By Jon Doughboy
My demented mother kept asking me to ask Barbara or Berbera or Berbia, her new Jamaican home health aide whose name neither of us could pronounce, if Mossad sent her.
I said “Mom, Mossad didn’t send her but if they did send her, if somehow Mossad recruited a middle-aged Jamaican woman from the Bronx to make sure some old Lebanese lady didn’t burn down her apartment when she started sundowning, do you think she would tell us?”
“I thought she was from Haiti.”
“Does that matter?”
“I thought we could speak French.”
“She doesn’t. She’s not here for conversation anyway. She’s here to make sure you take your pills and don’t fall in the shower.”
Just then Barbara came in from the kitchen with a cheese plate she’d whipped up from the nubs of ancient brie and Jarlsberg and baladi that had been molding in the back of my mom’s fridge for a decade and a tube of Ritz crackers from God knows where. “Ok. Barbara, I have to ask you something because my mom is nuts.”
“She’s not nuts,” Barbara responded, tapping her temple, “it’s a condition.”
“Did Mossad send you?”
“Mossad? No, I took the 7 to the M. Forty-five minutes.” She took a bite of chalk that may have once been cheese, grimaced, but kept chewing. I was beginning to like this Barbara.
“The 7?” My mom asked, perking up. “Where did you come from?”
“Flushing,” Barbara said, bravely selecting her next cheese roulette.
My mom turned to look at me. “You said she was from Jamaica.”
We all had a good laugh at that and the next, the last, eighteen months of my mother’s life were a little less miserable with Barbara in it. She didn’t earn much given all that she did to keep my mother not just alive but comfortable—fed, bathed, clothed, medicated, laughing—so as a sort of final bonus I got her on the lease of my mother’s rent-controlled apartment. She moved in and invited me over for New Year’s Eve. Dinner and fireworks. We had a goat stew, brown and spicy, then smoked a spliff with her sister on the balcony waiting for the year to end.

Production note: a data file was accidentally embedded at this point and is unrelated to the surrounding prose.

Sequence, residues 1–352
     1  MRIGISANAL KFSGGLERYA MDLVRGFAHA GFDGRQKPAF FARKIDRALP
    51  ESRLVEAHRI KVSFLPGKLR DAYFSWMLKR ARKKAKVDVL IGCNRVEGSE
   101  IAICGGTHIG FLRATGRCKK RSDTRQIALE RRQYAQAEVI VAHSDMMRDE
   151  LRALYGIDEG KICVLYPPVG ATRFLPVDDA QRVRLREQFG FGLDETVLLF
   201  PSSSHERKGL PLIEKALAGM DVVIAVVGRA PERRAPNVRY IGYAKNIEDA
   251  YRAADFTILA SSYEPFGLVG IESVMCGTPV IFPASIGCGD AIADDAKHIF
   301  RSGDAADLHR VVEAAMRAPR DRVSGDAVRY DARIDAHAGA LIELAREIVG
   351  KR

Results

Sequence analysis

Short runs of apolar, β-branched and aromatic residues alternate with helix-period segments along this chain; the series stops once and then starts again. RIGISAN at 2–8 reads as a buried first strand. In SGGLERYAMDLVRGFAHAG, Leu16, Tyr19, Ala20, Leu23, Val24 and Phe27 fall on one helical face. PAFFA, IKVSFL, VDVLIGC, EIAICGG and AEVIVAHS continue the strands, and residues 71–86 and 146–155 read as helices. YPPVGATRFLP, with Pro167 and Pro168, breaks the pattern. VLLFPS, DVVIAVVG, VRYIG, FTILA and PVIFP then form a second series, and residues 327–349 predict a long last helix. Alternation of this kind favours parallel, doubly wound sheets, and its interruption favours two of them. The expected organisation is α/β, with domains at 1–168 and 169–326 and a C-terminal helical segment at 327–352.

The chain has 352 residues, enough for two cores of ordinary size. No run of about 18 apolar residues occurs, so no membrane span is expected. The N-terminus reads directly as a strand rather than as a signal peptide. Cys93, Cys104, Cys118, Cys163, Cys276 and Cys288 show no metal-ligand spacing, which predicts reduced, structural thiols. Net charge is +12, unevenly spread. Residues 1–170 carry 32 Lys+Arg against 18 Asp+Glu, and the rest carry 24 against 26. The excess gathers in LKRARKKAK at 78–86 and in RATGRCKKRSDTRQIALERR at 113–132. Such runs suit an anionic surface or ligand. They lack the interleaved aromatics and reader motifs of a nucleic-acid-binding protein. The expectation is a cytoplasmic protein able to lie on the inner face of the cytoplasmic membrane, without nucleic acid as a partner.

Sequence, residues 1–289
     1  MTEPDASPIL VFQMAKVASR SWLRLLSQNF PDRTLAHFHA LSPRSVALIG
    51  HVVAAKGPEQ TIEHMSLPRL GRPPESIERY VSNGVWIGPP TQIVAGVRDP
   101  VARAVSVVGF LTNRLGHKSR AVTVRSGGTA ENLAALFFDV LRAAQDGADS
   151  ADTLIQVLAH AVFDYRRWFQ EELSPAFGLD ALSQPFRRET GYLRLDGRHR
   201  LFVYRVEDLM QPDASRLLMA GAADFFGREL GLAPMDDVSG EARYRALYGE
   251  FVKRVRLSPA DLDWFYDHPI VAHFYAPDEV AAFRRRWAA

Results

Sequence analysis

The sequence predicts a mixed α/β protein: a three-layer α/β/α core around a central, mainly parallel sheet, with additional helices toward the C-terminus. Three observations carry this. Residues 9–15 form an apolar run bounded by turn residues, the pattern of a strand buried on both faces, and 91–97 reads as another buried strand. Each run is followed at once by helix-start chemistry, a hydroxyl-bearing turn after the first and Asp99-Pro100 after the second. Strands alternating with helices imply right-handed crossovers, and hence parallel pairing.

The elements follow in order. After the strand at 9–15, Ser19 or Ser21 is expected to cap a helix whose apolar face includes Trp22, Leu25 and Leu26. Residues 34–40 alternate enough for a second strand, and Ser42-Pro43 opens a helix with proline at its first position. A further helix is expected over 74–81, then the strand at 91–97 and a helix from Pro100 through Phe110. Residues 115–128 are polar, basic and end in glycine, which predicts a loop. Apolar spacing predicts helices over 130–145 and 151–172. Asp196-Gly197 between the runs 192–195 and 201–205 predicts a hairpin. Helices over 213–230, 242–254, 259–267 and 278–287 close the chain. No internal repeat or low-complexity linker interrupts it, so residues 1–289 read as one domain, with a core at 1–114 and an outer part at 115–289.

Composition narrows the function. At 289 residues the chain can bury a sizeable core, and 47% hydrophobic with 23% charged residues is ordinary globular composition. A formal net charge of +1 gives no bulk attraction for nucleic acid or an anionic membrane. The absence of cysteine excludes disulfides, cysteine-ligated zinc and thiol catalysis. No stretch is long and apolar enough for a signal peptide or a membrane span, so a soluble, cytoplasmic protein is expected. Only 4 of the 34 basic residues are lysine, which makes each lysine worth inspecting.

Her sister, who spoke with the barest Jamaican accent, said, “Amelia, don’t smoke the whole thing. Share.”
“Amelia? Your name’s Amelia?”
Barbara/Amelia nodded, reluctantly passed the spliff to her sister.
“So why did you let us call you Barbara for two years?”
“I thought it was some Arab thing. Like a word for ‘dear’ or ‘nurse’ or something.”
We both started laughing and coughing and rubbing her eyes and it was like my mother was there too, for a second, a fraction of a second, like the room was full of her, of every version of her, the young girl in Lebanon worried about Israeli tanks rolling in; the young immigrant in New York wondering why English had so few sounds as if the language were stunted somehow; the tough, confident middle-aged woman I remember raising me; and the frail woman who had sat on this same balcony not too long ago trying to remember when and where and who she was. They were all there with us, there in the laughter.
The first round of fireworks started. Not the official show but a crackle in the alley below us.
Amelia’s sister was scared at first. “Fuck. I thought they were gunshots. I’m really high. Do you think they’re gunshots?”
Amelia shrugged and started to roll another spliff. “Maybe,” I said.
“Gangs? Should we call the cops? Who is it, you think?” she said.
Amelia and I locked eyes, smiled, and answered at the same time: “Mossad.”
Jon Doughboy works for the State Department as a Foreign Service Officer in little Montenegro down on the Adriatic Sea. This is his 118th publication.